Treatment will depend on your child’s symptoms, age, and general health. It will also depend on how severe the condition is.

Depending on the cause of your child’s scrotal swelling, treatment may include:

  • Surgery. For testicular torsion, your child will often need emergency surgery to save the testicle. Your child may also need surgery if he has a severe injury to the testicle. He may need emergency surgery if a hernia is trapped or strangulated. If the hernia is not trapped, the healthcare provider often recommends elective surgery. Testicular cancer often requires surgery.

  • Medicine. If your child has a bacterial infection, he will be given antibiotic medicine. Testicular cancer in boys responds well to cancer medicines. But it may also require radiation treatment.

  • Watching over time. Your child may not need treatment for conditions such as minor injury, mumps, a small hernia, hydrocele, idiopathic swelling, or Henoch-Schönlein purpura. Many of these can be watched to see if they go away on their own. The healthcare provider may give your child pain medicine and medicine to reduce swelling while watching for some of these conditions.

Talk with your child’s healthcare providers about the risks, benefits, and possible side effects of all treatments.

What are possible complications of scrotal swelling in a child?

Without treatment, a varicocele may over time lead to testicle damage and being unable to have children (infertility). Sudden and severe causes of scrotal swelling, such as testicular torsion, require surgery within a few hours. Otherwise the testicle can die.

When should I call my child’s healthcare provider?

Call the healthcare provider if your child has:

  • Painful scrotal swelling

  • Pain from injury to the testicles that lasts longer than an hour

  • Symptoms that don’t get better, or get worse

  • New symptoms

Scrotal swelling that is severe and starts suddenly is a medical emergency. Take your child to an emergency room right away.

Key points about scrotal swelling in children

  • The scrotum is the sac that holds the 2 testicles. Scrotal swelling is a common problem in baby boys and young boys. It can happen quickly, or happen slowly over time.

  • It can have many causes. These are often divided into painless and painful scrotal swelling.

  • Your child will likely have a urine test. A urine sample will be checked for signs of infection. Your child may also have an ultrasound or X-ray study.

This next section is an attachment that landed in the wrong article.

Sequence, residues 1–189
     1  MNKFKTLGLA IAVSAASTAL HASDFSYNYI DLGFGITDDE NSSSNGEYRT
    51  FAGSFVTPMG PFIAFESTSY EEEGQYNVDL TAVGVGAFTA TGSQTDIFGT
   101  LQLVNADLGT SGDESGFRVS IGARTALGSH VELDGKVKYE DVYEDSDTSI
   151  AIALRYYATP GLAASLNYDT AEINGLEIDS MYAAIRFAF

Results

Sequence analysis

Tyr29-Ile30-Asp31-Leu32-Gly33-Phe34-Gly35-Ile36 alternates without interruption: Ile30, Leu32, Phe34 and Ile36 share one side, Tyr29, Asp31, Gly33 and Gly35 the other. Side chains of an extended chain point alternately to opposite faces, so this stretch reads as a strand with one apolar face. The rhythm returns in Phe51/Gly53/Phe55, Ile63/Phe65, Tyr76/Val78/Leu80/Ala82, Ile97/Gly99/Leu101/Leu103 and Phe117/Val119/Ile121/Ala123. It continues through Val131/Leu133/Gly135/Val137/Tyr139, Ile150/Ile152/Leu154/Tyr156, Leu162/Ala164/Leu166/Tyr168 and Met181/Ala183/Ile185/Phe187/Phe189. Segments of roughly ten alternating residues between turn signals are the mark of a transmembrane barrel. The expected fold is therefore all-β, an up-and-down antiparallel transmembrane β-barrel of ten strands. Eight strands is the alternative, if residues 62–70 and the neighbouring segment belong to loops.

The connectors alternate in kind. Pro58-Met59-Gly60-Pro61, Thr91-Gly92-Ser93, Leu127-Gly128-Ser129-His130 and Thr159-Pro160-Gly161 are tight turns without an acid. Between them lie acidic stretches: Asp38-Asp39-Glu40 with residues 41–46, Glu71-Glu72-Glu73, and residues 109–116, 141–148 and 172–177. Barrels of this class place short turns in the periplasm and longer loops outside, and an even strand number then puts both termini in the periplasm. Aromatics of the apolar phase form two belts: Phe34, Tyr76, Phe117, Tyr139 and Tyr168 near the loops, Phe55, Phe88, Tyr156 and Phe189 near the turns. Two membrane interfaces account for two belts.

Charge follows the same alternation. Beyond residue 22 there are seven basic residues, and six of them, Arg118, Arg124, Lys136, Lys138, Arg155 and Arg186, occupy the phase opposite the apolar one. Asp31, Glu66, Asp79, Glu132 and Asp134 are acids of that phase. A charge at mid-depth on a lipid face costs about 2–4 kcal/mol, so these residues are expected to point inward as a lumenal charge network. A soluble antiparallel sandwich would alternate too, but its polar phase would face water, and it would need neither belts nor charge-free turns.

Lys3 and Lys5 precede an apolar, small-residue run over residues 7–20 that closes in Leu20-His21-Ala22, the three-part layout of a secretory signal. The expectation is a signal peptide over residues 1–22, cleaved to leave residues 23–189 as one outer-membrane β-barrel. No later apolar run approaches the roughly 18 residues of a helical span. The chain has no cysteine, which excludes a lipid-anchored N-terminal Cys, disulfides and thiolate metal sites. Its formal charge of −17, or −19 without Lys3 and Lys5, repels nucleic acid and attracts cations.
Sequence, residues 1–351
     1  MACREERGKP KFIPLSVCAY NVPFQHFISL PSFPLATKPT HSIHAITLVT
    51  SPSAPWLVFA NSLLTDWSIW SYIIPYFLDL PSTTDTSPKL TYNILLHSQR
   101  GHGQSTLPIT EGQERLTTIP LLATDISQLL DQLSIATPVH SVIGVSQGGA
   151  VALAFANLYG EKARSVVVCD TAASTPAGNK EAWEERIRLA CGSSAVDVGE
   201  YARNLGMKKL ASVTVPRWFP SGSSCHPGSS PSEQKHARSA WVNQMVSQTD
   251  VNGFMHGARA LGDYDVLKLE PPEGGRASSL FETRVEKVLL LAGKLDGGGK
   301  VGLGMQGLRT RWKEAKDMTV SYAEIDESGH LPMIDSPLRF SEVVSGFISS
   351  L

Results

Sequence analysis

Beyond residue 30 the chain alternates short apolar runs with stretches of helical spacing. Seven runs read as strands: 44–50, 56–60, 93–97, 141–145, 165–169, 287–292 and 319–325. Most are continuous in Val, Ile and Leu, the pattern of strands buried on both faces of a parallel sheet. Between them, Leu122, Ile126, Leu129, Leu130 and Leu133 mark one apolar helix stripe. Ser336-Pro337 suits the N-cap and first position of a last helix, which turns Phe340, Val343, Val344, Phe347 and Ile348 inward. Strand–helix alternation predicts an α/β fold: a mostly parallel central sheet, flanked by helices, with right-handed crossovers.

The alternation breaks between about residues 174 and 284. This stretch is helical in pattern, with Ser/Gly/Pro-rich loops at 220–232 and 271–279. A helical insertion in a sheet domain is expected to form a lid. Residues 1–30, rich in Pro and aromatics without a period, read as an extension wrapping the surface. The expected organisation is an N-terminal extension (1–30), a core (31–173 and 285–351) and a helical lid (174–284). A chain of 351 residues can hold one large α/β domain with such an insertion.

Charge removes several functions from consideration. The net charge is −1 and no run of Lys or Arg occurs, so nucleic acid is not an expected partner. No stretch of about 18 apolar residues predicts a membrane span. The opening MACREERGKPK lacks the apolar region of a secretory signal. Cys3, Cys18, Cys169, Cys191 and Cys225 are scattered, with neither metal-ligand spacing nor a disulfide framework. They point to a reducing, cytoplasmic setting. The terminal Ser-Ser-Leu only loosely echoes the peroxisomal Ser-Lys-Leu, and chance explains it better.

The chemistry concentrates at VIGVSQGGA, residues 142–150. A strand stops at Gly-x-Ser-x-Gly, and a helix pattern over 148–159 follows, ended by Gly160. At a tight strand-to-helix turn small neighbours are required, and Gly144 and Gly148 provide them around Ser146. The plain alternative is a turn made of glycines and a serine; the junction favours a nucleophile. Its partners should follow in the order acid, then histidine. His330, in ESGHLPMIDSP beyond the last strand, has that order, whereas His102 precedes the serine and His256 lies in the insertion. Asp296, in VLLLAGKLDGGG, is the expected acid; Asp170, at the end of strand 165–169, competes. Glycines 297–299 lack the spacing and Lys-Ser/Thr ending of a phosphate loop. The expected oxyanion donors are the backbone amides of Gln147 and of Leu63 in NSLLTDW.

• In some cases, your child may not need treatment. The swelling may just be watched over time, and may go away on its own.

  • In other cases, your child may need treatment with medicine or surgery.

  • Scrotal swelling that is severe and starts suddenly is a medical emergency.

Next steps

Tips to help you get the most from a visit to your child’s healthcare provider:

  • Know the reason for the visit and what you want to happen.

  • Before your visit, write down questions you want answered.

  • At the visit, write down the name of a new diagnosis, and any new medicines, treatments, or tests. Also write down any new instructions your provider gives you for your child.

  • Know why a new medicine or treatment is prescribed and how it will help your child. Also know what the side effects are.

  • Ask if your child’s condition can be treated in other ways.

  • Know why a test or procedure is recommended and what the results could mean.

  • Know what to expect if your child does not take the medicine or have the test or procedure.

  • If your child has a follow-up appointment, write down the date, time, and purpose for that visit.

  • Know how you can contact your child’s provider after office hours. This is important if your child becomes ill and you have questions or need advice.

Online Medical Reviewer: Donna Freeborn PhD CNM FNP
Online Medical Reviewer: Liora C Adler MD
Online Medical Reviewer: Raymond Kent Turley BSN MSN RN
Date Last Reviewed: 11/1/2018
© 2000-2020 The StayWell Company, LLC. 800 Township Line Road, Yardley, PA 19067. All rights reserved. This information is not intended as a substitute for professional medical care. Always follow your healthcare professional's instructions.